Corruption also generates economic distortions in the public sector by diverting public investment into capital projects where bribes and kickbacks are more plentiful. Officials may increase the technical complexity of public sector projects to conceal or pave the way for such dealings, thus further distorting investment. Corruption also lowers compliance with construction, environmental, or other regulations, reduces the quality of government services and infrastructure, and increases budgetary pressures on government.

Economists argue that one of the factors behind the differing economic development in Africa and Asia is that in the former, corruption has primarily taken the form of rent extraction with the resulting financial capital moved overseas rather than invested at home (hence the stereotypical, but often accurate, image of African dictators having Swiss bank accounts). In Nigeria, for example, more than $400 billion was stolen from the treasury by Nigeria's leaders between 1960 and 1999.[3] University of Massachusetts researchers estimated that from 1970 to 1996, capital flight from 30 sub-Saharan countries totaled $187bn, exceeding those nations' external debts.[4] (The results, expressed in retarded or suppressed development, have been modeled in theory by economist Mancur Olson.) In the case of Africa, one of the factors for this behavior was political instability, and the fact that new governments often confiscated previous government's corruptly-obtained assets. This encouraged officials to stash their wealth abroad, out of reach of any future expropriation. In contrast, Asian administrations such as Suharto's New Order often took a cut on business transactions or provided conditions for development, through infrastructure investment, law and order, etc.

Environmental and social effects


Corruption facilitates environmental destruction. Corrupt countries may formally have legislation to protect the environment, it cannot be enforced if officials can easily be bribed. The same applies to social rights worker protection, unionization prevention, and child labor. Violation of these laws rights enables corrupt countries to gain illegitimate economic advantage in the international market. The Nobel Prize-winning economist Amartya Sen has observed that "there is no such thing as an apolitical food problem." While drought and other naturally occurring events may trigger

famine conditions, it is government action or inaction that determines its severity, and often even whether or not a famine will occur. Governments with strong tendencies towards kleptocracy can undermine food security even when harvests are good. Officials often steal state property. In Bihar, India, more than 80% of the subsidized food aid to poor is stolen by corrupt officials.[5] Similarly, food aid is often robbed at gunpoint by governments, criminals, and warlords alike, and sold for a profit. The 20th century is full of many examples of governments undermining the food security of their own nations sometimes intentionally.[6]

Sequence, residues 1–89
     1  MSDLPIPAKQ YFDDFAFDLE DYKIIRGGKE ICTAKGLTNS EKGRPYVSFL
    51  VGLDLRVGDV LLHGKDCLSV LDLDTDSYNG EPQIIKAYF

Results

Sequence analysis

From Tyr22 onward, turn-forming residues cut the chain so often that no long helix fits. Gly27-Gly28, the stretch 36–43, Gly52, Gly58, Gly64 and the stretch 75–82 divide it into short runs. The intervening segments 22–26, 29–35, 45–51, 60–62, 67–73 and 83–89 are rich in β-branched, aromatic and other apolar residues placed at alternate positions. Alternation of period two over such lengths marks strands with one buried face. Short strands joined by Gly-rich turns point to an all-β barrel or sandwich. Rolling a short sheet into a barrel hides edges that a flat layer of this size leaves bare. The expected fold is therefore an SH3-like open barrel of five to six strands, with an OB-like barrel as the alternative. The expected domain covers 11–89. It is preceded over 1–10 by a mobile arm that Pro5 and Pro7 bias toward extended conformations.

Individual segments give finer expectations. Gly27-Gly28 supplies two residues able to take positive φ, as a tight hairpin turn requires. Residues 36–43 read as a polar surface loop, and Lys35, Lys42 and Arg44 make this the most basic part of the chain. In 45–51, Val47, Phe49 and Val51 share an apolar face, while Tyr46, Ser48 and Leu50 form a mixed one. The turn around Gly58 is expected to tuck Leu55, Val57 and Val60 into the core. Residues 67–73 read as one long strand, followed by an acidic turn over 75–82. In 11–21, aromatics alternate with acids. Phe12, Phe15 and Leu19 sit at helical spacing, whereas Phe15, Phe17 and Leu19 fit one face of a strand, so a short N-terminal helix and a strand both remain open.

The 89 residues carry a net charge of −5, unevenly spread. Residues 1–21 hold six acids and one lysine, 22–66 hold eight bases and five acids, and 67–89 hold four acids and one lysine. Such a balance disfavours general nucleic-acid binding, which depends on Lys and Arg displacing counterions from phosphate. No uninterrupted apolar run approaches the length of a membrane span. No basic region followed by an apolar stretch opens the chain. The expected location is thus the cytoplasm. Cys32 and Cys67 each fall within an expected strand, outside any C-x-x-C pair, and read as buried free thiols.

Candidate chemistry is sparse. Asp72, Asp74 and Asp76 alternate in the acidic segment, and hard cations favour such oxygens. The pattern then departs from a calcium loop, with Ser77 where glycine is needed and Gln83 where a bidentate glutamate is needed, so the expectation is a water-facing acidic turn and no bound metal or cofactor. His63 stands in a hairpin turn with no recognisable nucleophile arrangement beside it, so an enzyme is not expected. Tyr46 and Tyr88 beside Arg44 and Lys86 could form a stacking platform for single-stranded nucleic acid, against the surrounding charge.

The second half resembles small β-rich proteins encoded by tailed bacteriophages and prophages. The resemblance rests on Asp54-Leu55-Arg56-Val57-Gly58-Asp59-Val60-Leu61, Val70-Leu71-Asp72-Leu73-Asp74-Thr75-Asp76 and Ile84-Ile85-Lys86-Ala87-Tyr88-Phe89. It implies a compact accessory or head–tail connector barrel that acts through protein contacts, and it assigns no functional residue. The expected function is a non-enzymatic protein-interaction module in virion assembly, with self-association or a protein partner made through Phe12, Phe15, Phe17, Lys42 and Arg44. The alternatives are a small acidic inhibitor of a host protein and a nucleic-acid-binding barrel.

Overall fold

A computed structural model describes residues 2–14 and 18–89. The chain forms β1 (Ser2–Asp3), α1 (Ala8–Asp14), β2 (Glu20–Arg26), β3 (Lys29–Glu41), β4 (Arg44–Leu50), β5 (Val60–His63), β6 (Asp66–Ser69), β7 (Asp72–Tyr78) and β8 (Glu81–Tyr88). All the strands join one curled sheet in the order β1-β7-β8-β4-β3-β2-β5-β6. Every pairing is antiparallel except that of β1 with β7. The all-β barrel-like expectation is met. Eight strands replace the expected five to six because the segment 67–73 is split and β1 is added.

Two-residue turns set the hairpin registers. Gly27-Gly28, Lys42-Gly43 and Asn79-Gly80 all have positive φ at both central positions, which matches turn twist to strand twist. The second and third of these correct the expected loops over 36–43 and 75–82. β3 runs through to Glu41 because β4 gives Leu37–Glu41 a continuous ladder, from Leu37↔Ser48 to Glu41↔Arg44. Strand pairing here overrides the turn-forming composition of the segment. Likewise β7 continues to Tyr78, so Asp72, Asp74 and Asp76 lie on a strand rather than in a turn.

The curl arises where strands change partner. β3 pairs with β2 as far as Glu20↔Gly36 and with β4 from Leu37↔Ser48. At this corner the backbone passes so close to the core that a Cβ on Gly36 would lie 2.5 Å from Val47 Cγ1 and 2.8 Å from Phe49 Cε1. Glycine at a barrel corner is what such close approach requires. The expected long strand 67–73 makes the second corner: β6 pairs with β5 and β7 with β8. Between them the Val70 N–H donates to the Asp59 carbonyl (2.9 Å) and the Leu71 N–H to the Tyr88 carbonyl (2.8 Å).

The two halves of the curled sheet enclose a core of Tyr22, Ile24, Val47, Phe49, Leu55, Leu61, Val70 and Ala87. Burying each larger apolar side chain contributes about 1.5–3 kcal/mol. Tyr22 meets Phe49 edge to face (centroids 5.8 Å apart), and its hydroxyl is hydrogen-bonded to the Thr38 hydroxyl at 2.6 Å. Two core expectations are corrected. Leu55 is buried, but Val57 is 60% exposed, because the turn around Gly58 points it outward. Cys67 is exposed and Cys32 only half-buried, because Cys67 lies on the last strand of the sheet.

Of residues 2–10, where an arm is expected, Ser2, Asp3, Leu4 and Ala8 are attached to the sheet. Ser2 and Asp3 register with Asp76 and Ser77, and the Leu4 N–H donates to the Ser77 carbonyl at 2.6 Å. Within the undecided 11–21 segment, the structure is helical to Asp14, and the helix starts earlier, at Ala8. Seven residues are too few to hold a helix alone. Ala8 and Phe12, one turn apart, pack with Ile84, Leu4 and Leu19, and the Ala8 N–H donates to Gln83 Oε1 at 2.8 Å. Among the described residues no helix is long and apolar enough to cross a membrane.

Effects on Humanitarian Aid


The scale of humanitarian aid to the poor and unstable regions of the world grows, but it is highly vulnerable to corruption, with food aid, construction and other highly valued assistance as the most at risk.[7] Food aid can be directly and physically diverted from its intended destination, or indirectly through the manipulation of assessments, targeting, registration and distributions to favour certain groups or individuals.[7] Elsewhere, in construction and shelter, there are numerous opportunities for diversion and profit through substandard workmanship, kickbacks for contracts and favouritism in the provision of valuable shelter material.[7] Thus while humanitarian aid agencies are usually most concerned about aid being diverted by including too many, recipients themselves are most concerned about exclusion.[7] Access to aid may be limited to those with connections, to those who pay bribes or are forced to give sexual favours.[7] Equally, those able to do so may manipulate statistics to inflate the number beneficiaries and syphon of the additional assistance.[7]

Types
Bribery
Main article: Bribery A bribe is a payment given personally to a government official in exchange of his use of official powers. Bribery requires two participants: one to give the bribe, and one to take it. Either may initiate the corrupt offering; for example, a customs official may demand bribes to let through allowed (or disallowed) goods, or a smuggler might offer bribes to gain passage. In some countries the culture of corruption extends to every aspect of public life, making it extremely difficult for individuals to stay in business without resorting to bribes. Bribes may be demanded in order for an official to do something he is already paid to do. They may also be demanded in order to bypass laws and regulations. In addition to using bribery for private financial gain, they are also used to intentionally and maliciously cause harm to another (i.e. no financial incentive). In some developing nations, up to half of the population has paid bribes during the past 12 months.[9] In recent years, efforts have been made by the international community to encourage countries to dissociate and incriminate as separate offences, active and passive bribery. Active bribery can be defined for instance as the promising, offering or giving by any person, directly or indirectly, of